The topics range widely and we read discussion about Richard Dawkins and Charles Darwin, from Epicurus and Francis Schaeffer to Bertrand Russell and his teapot. We consider the vulnerability of humanist ethical standards, the reality of living with no absolutes, the relativity of subjective truth and the irrationality of a purposeless universe. I found the book fascinating and informative without being too heavy. I would happily give the book to older children as well as adults; Christian, atheist or agnostic.
And by the way, the conversation style is so realistic I even admit to finding myself wondering what happened next to Alex and whether there will be a sequel!
A Christian and Unbeliever Discuss... Life the Universe and Everything. by Rob Slane, Day One Publications, £7

Wednesday, 24 February 2016

A Clearing of the Mists

In Pursuit of Wisdom upon the Scottish Hills.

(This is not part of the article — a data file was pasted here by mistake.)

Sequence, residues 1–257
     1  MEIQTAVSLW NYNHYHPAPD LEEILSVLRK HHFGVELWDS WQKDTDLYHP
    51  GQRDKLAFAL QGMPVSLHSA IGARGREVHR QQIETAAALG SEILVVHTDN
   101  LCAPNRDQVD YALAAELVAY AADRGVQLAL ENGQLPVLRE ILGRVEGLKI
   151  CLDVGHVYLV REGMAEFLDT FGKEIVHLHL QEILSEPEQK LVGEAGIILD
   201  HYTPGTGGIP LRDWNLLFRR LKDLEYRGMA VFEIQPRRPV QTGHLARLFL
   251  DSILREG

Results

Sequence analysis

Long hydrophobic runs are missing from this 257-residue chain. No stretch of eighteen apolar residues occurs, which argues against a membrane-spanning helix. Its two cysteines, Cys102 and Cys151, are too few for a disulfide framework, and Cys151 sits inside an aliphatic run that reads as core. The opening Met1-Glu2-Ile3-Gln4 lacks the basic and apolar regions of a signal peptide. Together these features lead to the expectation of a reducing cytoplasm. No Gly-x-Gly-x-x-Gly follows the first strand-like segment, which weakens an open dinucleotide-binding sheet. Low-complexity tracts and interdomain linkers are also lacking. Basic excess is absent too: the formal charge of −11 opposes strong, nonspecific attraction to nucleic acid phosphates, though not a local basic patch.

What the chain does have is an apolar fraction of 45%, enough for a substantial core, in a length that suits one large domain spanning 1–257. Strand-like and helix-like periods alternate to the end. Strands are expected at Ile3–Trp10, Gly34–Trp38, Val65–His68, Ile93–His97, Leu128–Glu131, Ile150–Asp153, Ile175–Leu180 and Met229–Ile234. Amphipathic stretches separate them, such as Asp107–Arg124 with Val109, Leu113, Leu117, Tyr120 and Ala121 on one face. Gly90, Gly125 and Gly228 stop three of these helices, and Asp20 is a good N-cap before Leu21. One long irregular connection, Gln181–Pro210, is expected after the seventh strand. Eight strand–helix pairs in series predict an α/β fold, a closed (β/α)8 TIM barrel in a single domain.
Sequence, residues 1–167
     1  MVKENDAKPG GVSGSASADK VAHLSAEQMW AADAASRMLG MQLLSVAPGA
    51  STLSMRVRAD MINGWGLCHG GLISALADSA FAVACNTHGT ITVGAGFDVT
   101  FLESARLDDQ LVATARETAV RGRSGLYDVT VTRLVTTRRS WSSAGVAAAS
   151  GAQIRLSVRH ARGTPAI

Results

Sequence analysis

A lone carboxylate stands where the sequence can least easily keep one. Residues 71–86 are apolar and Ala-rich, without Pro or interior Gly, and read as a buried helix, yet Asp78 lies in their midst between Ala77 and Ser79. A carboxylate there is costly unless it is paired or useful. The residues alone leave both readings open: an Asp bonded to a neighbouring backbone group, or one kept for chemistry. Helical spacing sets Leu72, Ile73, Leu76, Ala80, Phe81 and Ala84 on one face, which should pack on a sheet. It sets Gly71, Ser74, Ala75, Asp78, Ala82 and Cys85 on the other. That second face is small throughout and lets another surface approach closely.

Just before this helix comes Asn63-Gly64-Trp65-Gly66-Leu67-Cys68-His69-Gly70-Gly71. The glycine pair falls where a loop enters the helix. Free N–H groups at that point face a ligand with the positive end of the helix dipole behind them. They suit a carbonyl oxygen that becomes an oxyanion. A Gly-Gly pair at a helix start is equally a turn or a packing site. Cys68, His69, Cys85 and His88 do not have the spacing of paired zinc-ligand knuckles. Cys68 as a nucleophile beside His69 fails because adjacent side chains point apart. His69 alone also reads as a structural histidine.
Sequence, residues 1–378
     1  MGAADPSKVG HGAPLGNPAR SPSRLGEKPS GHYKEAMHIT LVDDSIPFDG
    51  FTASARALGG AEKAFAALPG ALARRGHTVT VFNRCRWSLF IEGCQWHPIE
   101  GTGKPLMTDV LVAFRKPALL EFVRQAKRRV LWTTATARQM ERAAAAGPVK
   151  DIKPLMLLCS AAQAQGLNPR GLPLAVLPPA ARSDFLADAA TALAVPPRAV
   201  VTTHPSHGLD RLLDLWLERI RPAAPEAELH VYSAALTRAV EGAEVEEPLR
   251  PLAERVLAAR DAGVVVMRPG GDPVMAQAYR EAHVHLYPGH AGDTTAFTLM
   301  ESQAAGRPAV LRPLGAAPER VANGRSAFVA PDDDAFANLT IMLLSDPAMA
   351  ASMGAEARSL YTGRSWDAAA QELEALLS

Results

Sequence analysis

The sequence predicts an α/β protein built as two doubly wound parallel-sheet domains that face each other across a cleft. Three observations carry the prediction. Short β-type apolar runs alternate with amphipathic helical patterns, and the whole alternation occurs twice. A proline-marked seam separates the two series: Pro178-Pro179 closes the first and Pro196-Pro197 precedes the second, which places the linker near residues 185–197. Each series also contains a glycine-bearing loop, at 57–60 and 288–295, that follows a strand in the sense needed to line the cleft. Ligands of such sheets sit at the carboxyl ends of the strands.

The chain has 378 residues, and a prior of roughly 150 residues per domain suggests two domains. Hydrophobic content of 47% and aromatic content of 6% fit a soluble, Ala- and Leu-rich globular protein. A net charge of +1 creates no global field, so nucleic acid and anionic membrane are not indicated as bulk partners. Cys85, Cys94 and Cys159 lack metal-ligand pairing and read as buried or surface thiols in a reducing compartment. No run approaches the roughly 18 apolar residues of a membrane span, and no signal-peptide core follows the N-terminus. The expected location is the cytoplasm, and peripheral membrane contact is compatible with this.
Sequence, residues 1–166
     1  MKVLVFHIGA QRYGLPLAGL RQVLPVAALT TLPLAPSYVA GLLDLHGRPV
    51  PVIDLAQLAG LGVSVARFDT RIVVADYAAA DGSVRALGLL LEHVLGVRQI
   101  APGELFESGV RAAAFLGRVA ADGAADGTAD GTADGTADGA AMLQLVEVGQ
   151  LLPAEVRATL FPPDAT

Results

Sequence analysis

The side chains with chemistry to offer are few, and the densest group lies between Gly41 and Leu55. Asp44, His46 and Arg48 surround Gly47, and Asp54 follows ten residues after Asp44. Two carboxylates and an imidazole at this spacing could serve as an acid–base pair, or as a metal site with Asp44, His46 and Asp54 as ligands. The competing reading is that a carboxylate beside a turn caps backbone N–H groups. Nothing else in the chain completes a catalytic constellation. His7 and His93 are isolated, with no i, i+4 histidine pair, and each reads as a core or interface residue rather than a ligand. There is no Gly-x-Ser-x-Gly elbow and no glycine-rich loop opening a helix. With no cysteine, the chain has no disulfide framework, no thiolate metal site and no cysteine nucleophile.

Martin Haworth is a previously unknown name to me, but he reveals something of his journey to faith in this deeply reflective book. His has been a varied life: brought up in Manchester (Mancunians beware page 31!), dropping out of University to a back-to-nature job in forestry in Scotland, but also at other stages working in business in the Middle East, then starting up a guesthouse in the Scottish Highlands, before feeling a call to missionary work in the Philippines. He has always had a passion for the great outdoors, and the mountains of Scotland have drawn him back again and again to them, not only to complete his round of the 'Munros' (all the peaks over 3000 ft high to the uninitiated), but also for spiritual reasons. He would be the first to refute the idea of valid spiritual experience deriving solely from lonely mountain fastnesses, without regard to the Creator of those wonderful high places, nevertheless here his soul has been refreshed in God. Out of these times he draws some twenty one chapters of 'guided meditations'. Their titles, such as 'Seeking Direction', 'In Adversity', 'Being Approved', and 'In Fear of Man' give a flavour of the topics he explores, relating them to particular ascents he has made on well known, and some less well known, mountains of Scotland (hand drawn maps helpfully included). Haworth has some great tales to tell: most of his walks were solo (not to be copied!) and many were in demanding but rewarding winter conditions. Hill walkers of all standards from pootlers to scramblers will respond to his enthusiasm for the wilds. It is good to come across a book of this type, which has a christian perspective on it, and aims at magnifying the glory of God as seen in his creation, as well as deriving lessons for life's pathway. The meditations and their applications are not all of the same quality: there is some navel gazing and some doubtful theology to be sure, but there is also much to chew slowly and thoughtfully on. Here is your invitation to create a 'mountain panorama' of your life (and draw it if you wish, see page 249!) Note: many Bible portions are quoted in full, unfortunately from the NIV.